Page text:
Andrzej Zulawski’s Cosmos opens with a double dose of Dante, as young, befuddled Witold (Jonathan Genet) rushes headlong into a dark wood, reciting the opening lines from The Inferno. What follows isn’t quite a journey into hell, but a dash past the ordinary limits of human behavior that attempts to break down the logical foundations of existence, making for a madcap, erudite escapade packed with cinematic and literary quotations and references. Set primarily in a rustic country cottage, the film overflows its simple setting with a sustained eruption of actorly and directorial bombast, full of elastic facial acrobatics, furious screaming, and unchecked verbal vomit. The result at times recalls late-period Godard, only operating at double speed and with half as much consideration of its own cumulative meaning, an experiment that ranks somewhere between captivatingly off the wall and utterly exhausting.
An adaptation of Witold Gombrowicz’s 1965 novel, Cosmos retains the idea of its main character losing his mind through his attempts to account for a single irrational occurrence, which swells to overtake the entire story. In recreating this scenario, Zulawski beats a similar path from controlled exploration to outright chaos, employing a classic farce structure as the characters trade romantic partners and their destines are reshuffled, reverberating with the manic, unsettling eccentricity for which the late Polish director was known.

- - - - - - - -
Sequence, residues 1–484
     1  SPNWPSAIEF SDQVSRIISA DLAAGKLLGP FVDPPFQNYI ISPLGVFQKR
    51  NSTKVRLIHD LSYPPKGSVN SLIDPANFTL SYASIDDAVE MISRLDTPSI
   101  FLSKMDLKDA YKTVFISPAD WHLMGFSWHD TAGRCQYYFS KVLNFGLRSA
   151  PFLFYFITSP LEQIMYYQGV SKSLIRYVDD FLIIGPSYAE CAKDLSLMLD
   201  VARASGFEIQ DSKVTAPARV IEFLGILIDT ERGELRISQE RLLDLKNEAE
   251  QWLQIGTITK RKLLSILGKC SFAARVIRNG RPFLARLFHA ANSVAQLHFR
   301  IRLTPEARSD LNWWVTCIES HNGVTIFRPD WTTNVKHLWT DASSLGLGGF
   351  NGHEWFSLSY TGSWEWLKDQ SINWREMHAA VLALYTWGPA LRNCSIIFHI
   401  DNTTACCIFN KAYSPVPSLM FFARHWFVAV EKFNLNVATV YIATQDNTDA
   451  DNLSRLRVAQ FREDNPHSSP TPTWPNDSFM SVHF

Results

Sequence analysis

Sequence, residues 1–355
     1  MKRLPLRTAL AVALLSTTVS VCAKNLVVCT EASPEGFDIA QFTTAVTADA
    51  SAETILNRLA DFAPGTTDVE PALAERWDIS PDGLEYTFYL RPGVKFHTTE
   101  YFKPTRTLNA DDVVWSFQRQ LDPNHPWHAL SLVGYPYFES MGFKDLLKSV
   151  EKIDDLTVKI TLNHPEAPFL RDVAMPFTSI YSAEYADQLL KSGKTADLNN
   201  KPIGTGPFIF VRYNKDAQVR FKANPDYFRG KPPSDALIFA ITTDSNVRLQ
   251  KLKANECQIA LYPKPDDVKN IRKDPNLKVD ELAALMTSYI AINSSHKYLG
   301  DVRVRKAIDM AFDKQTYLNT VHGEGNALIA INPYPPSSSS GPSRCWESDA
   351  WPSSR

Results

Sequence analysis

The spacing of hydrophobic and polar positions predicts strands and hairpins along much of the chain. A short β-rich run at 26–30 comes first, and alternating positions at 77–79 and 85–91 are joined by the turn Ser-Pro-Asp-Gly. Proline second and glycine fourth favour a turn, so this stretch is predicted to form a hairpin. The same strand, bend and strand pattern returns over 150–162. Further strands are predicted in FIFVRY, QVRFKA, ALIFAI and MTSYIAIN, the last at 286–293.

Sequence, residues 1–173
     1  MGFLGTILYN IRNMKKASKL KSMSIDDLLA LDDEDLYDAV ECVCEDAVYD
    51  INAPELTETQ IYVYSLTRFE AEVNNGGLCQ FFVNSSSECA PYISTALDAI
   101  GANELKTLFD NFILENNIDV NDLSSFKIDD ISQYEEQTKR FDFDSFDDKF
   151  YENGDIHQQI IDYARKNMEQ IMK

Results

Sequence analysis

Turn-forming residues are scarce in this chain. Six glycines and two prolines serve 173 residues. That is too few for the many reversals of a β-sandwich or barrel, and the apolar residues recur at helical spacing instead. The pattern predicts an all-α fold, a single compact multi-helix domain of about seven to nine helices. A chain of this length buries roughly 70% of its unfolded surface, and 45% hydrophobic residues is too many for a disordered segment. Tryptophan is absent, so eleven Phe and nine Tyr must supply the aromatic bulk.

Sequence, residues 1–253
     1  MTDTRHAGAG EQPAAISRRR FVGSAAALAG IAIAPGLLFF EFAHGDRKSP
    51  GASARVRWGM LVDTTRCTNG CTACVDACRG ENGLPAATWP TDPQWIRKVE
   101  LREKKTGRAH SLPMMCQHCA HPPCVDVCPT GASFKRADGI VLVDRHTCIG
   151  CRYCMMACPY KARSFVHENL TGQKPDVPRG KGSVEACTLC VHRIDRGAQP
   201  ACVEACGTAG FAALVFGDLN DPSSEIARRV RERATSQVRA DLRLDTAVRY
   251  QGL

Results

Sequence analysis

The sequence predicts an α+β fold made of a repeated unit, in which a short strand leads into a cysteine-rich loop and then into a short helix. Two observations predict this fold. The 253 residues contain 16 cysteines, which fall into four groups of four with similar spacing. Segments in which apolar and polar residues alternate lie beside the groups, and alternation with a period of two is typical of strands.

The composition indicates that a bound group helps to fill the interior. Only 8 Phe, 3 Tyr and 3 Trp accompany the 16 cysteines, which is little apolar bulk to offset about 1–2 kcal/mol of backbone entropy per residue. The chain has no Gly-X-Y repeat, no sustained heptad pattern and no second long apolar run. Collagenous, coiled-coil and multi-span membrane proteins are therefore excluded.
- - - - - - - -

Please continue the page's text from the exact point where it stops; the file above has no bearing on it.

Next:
In many ways, however, the final product is less akin to the concentrated, circumscribed madness of Possession than the disturbing fish-out-of-water dramas of Zulawski’s countryman Jerzy Skolimowski, Deep-End and King, Queen, Knave in particular. This is especially evident in the spectacle of a lost innocent pushed into a wild world beyond his comprehension, in which his narrow and simplistic worldview is destined to be torturously expanded.
As imagined here, young Witold is a former law student now committed to a career as a novelist, and his move from the rigorous study of legal precedent to free-form fiction parallels the film’s passage from order to anarchy. The young man’s creative process generally seems to involve working up a lunatic lather: He stomps across his bedroom or around the cottage’s pastoral environs, then engages in hysterical shouting at his laptop while typing the words tumbling from his mouth. Meanwhile, the action is moved from the Polish woodlands of the novel to an off-season French resort town, an atmosphere of icy waves and foggy gloom providing a chilly tonal counterpoint to the character’s frantic, hot-blooded enthusiasm.
After finding a dead sparrow hanging from a tree, Witold begins to question what this puzzling occurrence has to do with the seemingly peaceful bed and breakfast run by Madame Woytis (Sabine Azéma) and her husband, Léon (Jean-François Balmer), with the help of their two adult daughters. While investigating this mystery, Witold becomes obsessed with the married older daughter, Lena (Victória Guerra), and as the hangings continue, multiplying in size and strangeness, there are few leads as to which of these increasingly unhinged weirdoes might be the perpetrator.
Andrzej Zulawski’s film experiment ranks somewhere between captivatingly off the wall and utterly exhausting.